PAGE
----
Uranus and Neptune spend 2006 in Aquarius and Capricornus, respectively. The small blue boxes on this key chart show the areas covered by the larger charts below.

Sky & Telescope diagram by Gregg Dinderman.

This year it's easy to find Uranus and Neptune — if you know the constellations Aquarius and Capricornus and have binoculars or a small telescope. Each planet happens to be in the low-power field of a naked-eye star plotted on the constellation chart at left. Aim your binoculars at that star, then use one of the close-up charts below to identify the planet among the other points of light in the vicinity.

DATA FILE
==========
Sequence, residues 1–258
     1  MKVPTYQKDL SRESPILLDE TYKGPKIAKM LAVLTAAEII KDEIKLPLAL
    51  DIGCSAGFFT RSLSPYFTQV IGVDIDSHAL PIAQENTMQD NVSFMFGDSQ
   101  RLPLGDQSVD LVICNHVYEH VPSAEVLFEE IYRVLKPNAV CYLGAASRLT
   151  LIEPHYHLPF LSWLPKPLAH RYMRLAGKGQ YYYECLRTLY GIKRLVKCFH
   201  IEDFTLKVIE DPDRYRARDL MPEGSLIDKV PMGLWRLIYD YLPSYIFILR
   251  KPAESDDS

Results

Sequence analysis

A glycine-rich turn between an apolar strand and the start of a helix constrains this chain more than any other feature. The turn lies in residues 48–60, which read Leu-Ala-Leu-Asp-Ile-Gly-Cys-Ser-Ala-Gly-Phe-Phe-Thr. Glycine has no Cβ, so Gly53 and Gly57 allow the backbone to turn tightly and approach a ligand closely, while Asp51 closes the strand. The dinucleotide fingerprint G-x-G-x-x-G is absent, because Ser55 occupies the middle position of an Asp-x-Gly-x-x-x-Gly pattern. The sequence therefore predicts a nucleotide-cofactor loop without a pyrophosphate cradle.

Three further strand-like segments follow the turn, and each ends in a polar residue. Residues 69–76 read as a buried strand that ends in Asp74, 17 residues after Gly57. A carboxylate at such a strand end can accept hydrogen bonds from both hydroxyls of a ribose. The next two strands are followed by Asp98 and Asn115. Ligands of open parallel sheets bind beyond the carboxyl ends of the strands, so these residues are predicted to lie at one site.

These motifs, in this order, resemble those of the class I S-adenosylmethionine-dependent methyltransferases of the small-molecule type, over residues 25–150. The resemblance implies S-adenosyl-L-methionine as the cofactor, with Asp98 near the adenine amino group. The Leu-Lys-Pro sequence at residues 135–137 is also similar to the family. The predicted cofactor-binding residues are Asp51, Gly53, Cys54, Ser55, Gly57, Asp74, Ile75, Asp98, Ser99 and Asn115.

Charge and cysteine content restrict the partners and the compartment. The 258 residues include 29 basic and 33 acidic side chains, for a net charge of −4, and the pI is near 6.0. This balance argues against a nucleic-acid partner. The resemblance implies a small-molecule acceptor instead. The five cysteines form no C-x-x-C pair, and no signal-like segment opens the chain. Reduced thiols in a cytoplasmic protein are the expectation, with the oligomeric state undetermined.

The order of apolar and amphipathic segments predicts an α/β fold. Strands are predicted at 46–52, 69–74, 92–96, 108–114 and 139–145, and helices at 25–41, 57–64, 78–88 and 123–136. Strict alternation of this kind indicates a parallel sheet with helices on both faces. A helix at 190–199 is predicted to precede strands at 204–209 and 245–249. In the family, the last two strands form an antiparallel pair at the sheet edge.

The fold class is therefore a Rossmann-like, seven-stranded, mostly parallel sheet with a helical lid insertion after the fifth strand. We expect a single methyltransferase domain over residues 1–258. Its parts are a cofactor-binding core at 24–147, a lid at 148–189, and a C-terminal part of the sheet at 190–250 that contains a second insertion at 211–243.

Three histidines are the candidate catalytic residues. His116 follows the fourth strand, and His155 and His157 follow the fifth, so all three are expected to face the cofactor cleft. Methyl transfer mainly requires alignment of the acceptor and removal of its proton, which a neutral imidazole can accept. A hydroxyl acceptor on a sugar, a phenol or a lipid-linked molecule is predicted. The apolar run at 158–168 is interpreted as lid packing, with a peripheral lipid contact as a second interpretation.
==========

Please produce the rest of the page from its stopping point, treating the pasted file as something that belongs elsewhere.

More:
The big charts (linked in red above) show stars as faint as magnitude 10, much fainter than either planet. Note the declination scale on their right edge. The 1° between the tick marks is about the diameter of the view in a typical 50-power eyepiece, and only 1/6 the diameter of the view in a typical 8-power finderscope or 8-power binoculars.

Uranus's reference star is orange Lambda Aquarii, shining dimly to the naked eye at magnitude 3.7. Uranus glows at about magnitude 5.8. It's at opposition in early September.

Neptune's signpost is 4.3-magnitude Iota Capricorni. This planet, magnitude 7.8 or 7.9 all year, comes to opposition in mid-August.



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